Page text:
“It made me more aware of the system of volunteering and how important it is to be on time, because others are always relying on you to be there for them.”

That commitment to helping others is something Shelby, who has retinopathy in one eye, wants to express through art. She loves to draw animals and nature and wants to illustrate books or study art therapy, believing the best way to help others is through your talents.

Jordan, 19, Saskatoon, Saskatchewan

He’s too humble to admit to being a leader, but Jordan certainly has all the qualities of one – including the ability to motivate others.

As part of CNIB’s SCORE 4 program for teens, Jordan and his group visited the Good Shepherd homeless shelter, making beds and folding towels for the city’s homeless population. The work is hard, so when Jordan saw his group’s enthusiasm dropping, he reminded them of why they were there. 

“To know that someone’s going to be warm at night is what gives me the most gratification, because I know that I had something to do with that.”

He says his experiences at SCORE have inspired him to continue volunteering, and he’s been in contact with career counselors to make this happen when he gets back to Saskatoon.

What he’ll miss the most about SCORE, though, is the people.

“The people are the most important thing about SCORE. It helped me to know others had similar vision challenges,” says Jordan, who has optic nerve hypoplasia. 

Meet more amazing teens from SCORE 2012

Want to learn more about CNIB’s SCORE program​? You can get the story straight from this year’s inspiring young participants, who recently joined CNIB president and CEO John Rafferty in the studio for a special SCORE edition of our Visioncast podcast.

* CNIB’s Lake Joseph Centre, located in beautiful Muskoka, Ontario, is also host to the iFactor, a nationwide singing competition for Canadians living with vision loss. Thank you to Accessible Media Inc. and The Kololian Foundation for their generous support for this year’s competition.


Kids and eye exams: what you need to know

Image of child and optometrist during an eye examAs you shop for back-to-school notebooks and new clothes for your kids this fall, consider this: new data from the National Health and Nutrition Examination Survey (NHANES) suggests that while 32 per cent of children between the ages of 12 and 18 wore corrective lenses, more than 20 per cent living without had reduced vision as a result.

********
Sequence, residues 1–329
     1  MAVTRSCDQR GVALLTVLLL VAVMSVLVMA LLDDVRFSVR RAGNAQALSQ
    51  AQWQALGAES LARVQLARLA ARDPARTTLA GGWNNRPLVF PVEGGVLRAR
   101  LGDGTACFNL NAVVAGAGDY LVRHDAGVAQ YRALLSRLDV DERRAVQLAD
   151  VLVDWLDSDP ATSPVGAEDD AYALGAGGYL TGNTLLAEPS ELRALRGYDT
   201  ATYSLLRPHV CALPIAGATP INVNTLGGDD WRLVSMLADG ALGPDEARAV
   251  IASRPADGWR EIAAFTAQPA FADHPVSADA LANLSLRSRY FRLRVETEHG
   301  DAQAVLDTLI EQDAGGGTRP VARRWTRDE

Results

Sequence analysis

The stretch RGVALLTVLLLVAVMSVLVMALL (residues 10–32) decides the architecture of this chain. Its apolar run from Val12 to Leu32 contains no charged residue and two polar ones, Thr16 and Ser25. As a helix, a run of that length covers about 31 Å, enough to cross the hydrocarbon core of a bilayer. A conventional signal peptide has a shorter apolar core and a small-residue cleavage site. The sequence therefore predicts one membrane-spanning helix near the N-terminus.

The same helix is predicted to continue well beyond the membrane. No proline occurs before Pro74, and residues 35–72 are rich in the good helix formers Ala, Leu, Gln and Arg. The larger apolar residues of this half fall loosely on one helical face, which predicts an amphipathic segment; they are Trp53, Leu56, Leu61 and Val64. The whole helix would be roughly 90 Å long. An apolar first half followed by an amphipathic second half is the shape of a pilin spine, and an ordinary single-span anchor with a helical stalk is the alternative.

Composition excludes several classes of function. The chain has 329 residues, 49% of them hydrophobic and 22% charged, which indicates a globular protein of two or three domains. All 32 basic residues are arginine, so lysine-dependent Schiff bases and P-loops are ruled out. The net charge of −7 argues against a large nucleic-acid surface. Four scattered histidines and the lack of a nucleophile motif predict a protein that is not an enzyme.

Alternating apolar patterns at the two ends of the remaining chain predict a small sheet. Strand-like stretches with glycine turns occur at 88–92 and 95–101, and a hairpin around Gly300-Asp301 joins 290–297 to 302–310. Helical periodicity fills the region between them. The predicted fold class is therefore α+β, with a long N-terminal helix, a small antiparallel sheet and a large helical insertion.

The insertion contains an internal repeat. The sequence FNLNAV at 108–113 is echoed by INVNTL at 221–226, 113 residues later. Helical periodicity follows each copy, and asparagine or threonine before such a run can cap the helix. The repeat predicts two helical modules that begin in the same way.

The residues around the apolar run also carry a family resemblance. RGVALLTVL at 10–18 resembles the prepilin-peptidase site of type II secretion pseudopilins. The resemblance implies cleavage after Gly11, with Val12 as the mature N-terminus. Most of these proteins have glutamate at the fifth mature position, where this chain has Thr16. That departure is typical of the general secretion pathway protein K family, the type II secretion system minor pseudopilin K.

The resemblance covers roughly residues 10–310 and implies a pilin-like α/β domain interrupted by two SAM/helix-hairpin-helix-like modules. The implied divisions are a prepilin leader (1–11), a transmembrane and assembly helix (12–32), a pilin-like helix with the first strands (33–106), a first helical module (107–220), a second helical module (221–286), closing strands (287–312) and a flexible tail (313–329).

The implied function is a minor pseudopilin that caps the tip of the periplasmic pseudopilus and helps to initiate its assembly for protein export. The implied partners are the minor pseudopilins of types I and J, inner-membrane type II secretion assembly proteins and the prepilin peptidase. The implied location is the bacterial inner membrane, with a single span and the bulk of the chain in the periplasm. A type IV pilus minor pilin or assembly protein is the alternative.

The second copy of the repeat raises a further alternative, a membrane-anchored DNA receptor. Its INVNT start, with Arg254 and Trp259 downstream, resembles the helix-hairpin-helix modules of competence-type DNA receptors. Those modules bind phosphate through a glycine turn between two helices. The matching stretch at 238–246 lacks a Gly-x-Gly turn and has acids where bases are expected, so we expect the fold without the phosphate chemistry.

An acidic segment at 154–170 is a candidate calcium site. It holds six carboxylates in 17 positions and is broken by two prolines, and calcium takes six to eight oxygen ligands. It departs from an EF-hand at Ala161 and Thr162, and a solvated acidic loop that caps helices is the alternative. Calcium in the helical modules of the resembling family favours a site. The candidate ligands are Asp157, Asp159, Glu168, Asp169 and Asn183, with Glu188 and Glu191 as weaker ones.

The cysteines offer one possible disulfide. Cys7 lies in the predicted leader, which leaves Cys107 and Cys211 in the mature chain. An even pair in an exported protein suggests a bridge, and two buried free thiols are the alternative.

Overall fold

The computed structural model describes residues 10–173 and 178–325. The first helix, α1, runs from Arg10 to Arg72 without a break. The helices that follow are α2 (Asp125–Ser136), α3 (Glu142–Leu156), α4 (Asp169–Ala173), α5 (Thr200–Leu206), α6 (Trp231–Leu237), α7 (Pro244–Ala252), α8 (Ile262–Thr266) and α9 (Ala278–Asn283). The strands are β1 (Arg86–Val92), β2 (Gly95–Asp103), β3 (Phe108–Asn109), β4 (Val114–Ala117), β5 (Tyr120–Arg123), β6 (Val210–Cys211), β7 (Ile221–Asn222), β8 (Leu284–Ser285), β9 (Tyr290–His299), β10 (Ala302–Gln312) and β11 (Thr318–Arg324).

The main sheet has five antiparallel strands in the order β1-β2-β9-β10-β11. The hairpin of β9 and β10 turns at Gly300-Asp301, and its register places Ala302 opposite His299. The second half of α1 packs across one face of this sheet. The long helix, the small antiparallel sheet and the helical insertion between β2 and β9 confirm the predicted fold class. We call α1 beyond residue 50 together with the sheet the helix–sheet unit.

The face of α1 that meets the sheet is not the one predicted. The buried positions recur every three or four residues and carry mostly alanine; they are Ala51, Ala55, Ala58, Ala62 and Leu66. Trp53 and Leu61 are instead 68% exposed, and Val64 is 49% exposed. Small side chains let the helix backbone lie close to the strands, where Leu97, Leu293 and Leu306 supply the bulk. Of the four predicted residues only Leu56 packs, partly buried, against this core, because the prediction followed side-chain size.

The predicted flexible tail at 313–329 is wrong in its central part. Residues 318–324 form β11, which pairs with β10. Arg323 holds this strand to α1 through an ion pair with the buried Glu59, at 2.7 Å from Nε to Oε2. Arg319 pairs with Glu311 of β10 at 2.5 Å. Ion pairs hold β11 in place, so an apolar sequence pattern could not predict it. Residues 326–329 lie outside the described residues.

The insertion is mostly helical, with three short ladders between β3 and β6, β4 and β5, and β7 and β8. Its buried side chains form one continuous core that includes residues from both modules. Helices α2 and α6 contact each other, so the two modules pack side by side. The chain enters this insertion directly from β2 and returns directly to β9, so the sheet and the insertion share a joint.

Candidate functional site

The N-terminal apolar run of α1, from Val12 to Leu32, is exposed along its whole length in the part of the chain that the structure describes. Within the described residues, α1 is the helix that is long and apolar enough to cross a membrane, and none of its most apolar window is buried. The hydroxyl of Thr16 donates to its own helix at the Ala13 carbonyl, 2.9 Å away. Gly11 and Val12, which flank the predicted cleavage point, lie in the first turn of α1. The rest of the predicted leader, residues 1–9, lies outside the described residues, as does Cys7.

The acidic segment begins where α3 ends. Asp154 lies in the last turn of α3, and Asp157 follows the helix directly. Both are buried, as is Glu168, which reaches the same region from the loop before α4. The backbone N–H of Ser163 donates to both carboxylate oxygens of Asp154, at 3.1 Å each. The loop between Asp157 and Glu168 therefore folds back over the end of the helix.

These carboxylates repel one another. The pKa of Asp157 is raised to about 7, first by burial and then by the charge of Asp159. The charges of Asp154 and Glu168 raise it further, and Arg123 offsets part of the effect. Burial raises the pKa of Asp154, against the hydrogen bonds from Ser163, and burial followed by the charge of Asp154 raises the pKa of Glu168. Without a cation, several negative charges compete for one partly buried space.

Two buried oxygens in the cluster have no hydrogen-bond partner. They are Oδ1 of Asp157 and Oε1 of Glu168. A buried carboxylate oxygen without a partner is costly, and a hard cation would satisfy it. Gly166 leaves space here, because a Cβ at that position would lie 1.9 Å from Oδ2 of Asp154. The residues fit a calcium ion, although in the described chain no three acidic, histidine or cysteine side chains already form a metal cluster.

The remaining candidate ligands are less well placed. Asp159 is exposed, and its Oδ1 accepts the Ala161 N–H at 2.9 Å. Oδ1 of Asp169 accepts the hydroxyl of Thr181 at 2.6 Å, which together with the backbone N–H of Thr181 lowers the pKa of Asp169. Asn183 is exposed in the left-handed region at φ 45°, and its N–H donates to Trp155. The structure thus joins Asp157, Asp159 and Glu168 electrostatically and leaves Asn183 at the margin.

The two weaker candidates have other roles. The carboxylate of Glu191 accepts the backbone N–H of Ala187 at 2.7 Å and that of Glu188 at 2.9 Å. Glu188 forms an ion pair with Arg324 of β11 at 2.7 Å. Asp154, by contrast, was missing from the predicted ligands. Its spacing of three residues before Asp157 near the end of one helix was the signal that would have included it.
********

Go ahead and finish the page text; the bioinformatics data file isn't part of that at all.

Despite this, many parents don’t get their children’s eyes checked until it’s clear they need their first pair of glasses. That’s why CNIB is urging you to get the facts about your kids’ eye health. 

Early detection through eye exams 

The reality is that vision loss can happen to anyone at any age, and many eye conditions have no symptoms in the early stages. Eye exams at an early age are absolutely essential to detect an eye disease or a condition that could lead to vision loss. 

“We as Canadians can do a lot more to maintain our kids’ vision health,” commented Dr. Keith Gordon, CNIB’s Vice President of Research. “They only get one pair of eyes and they need to last them a lifetime.”

CNIB recommends that parents should take their child for their first eye exam between six and nine months of age. Children should also have at least one eye exam between the ages of two and five, and regular yearly eye exams should take place until the child turns 19. 

The exception to the rule 

It’s important to note that kids who have eye disease or have risk factors that make them more prone to develop eye disease may need to see their eye doctor more frequently than the guidelines given above. 

Since all medical situations are unique – as are the risk factors that apply to eye disease – we encourage you to follow the recommendation of your child’s eye doctor with respect to your individual need for eye exams.

As Dr. Gordon explains, many serious eye diseases have no symptoms, so even if they have 20/20 vision they could still be at risk of developing an eye disease. 

Finally, it’s also important to note that you should always see your eye doctor right away if you notice changes in your child’s vision.